result in duplicate entries will generate an error.

       name   The name of the index to be  created.  No  schema  name  can  be
              included here; the index is always created in the same schema as
              its parent table.

       table  The name (possibly schema-qualified) of the table to be indexed.

       method The  name  of  the  method to be used for the index. Choices are
              btree, hash, rtree, and gist. The default method is btree.

       column The name of a column of the table.

       expression
              An expression based on one or more columns  of  the  table.  The
              expression usually must be written with surrounding parentheses,
              as shown in the syntax. However, the parentheses may be  omitted
              if the expression has the form of a function call.

       opclass
              The name of an operator class. See below for details.

       tablespace
              The  tablespace  in which to create the index. If not specified,
              default_tablespace is used, or the database’s default tablespace
              if default_tablespace is an empty string.

       predicate
              The constraint expression for a partial index.

NOTES

       See  the  documentation for information about when indexes can be used,
       when they are not used, and in which particular situations they can  be
       useful.

       Currently,  only  the B-tree and GiST index methods support multicolumn
       indexes. Up to 32 fields may be specified by default.  (This limit  can
       be  altered  when  building PostgreSQL.) Only B-tree currently supports
       unique indexes.

       An operator class can be specified for each column  of  an  index.  The
       operator  class  identifies  the  operators to be used by the index for
       that column. For example, a B-tree index on  four-byte  integers  would
       use  the  int4_ops  class;  this  operator  class  includes  comparison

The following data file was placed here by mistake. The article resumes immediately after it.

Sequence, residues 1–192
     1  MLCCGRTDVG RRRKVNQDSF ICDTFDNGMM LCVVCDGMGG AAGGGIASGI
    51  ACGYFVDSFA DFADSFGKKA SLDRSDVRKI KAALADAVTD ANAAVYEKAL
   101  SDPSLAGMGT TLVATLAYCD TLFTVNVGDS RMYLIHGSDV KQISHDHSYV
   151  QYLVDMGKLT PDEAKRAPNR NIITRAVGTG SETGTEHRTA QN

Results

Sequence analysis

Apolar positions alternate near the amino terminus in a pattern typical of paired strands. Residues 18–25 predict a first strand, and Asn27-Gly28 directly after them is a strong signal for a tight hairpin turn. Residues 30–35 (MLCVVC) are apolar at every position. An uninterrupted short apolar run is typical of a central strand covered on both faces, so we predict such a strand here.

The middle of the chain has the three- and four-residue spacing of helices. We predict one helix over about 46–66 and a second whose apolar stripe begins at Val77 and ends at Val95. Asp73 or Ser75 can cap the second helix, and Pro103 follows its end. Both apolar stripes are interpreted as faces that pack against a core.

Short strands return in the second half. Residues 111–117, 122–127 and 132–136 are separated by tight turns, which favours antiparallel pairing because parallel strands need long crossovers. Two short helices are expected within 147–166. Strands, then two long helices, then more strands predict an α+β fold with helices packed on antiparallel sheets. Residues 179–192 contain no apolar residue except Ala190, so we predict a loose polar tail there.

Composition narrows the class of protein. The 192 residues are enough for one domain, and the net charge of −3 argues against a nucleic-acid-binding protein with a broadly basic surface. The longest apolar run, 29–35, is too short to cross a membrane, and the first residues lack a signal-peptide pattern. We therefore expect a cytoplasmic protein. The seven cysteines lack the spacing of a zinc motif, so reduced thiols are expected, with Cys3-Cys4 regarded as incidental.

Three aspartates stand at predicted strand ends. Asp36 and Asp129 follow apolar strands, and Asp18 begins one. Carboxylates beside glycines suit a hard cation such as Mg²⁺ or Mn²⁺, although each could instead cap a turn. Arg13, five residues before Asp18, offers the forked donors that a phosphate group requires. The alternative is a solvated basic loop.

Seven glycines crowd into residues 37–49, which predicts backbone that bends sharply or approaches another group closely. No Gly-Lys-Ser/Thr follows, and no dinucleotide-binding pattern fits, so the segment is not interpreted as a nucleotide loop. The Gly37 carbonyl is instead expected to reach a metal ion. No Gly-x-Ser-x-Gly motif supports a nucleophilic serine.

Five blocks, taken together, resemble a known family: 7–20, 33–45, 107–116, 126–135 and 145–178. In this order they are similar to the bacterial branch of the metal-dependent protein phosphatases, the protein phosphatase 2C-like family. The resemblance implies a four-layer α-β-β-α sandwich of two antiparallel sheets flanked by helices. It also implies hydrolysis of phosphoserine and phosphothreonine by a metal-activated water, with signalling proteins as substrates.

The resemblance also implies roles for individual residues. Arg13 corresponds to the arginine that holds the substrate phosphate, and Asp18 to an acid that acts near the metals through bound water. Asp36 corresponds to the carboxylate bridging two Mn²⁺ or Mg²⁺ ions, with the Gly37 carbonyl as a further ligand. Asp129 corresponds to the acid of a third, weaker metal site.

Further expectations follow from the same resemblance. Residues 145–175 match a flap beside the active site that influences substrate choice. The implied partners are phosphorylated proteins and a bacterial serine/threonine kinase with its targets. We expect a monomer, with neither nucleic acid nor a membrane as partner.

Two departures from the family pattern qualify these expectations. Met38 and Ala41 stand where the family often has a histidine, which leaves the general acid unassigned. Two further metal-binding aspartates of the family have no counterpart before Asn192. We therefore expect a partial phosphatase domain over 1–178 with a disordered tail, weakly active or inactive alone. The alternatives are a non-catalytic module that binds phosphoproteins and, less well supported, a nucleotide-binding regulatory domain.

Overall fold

functions for four-byte integers.  In  practice  the  default  operator
       class  for the column’s data type is usually sufficient. The main point
       of having operator classes is that for some data types, there could  be
       more than one meaningful ordering. For example, we might want to sort a
       complex-number data type either by absolute value or by real  part.  We
       could  do  this  by defining two operator classes for the data type and
       then selecting the proper class when making an index. More  information
       about   operator   classes   is   in   the  documentation  and  in  the
       documentation.

       Use DROP INDEX [drop_index(7)] to remove an index.

       Indexes are not used for IS NULL clauses by default.  The best  way  to
       use indexes in such cases is to create a partial index using an IS NULL
       predicate.

EXAMPLES

       To create a B-tree index on the column title in the table films:

       CREATE UNIQUE INDEX title_idx ON films (title);

       To create an index on the column code in the table films and  have  the
       index reside in the tablespace indexspace:

       CREATE INDEX code_idx ON films(code) TABLESPACE indexspace;

COMPATIBILITY

       CREATE   INDEX  is  a  PostgreSQL  language  extension.  There  are  no
       provisions for indexes in the SQL standard.

SEE ALSO

       ALTER INDEX [alter_index(7)], DROP INDEX [drop_index(l)]